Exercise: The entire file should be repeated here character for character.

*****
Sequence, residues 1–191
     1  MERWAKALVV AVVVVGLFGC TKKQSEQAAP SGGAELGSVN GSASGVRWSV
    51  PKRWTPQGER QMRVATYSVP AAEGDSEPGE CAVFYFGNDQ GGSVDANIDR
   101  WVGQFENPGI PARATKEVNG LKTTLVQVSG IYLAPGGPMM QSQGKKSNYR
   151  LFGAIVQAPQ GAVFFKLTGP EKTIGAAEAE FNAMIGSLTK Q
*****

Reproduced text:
Sequence, residues 1–191
     1  MERWAKALVV AVVVVGLFGC TKKQSEQAAP SGGAELGSVN GSASGVRWSV
    51  PKRWTPQGER QMRVATYSVP AAEGDSEPGE CAVFYFGNDQ GGSVDANIDR
   101  WVGQFENPGI PARATKEVNG LKTTLVQVSG IYLAPGGPMM QSQGKKSNYR
   151  LFGAIVQAPQ GAVFFKLTGP EKTIGAAEAE FNAMIGSLTK Q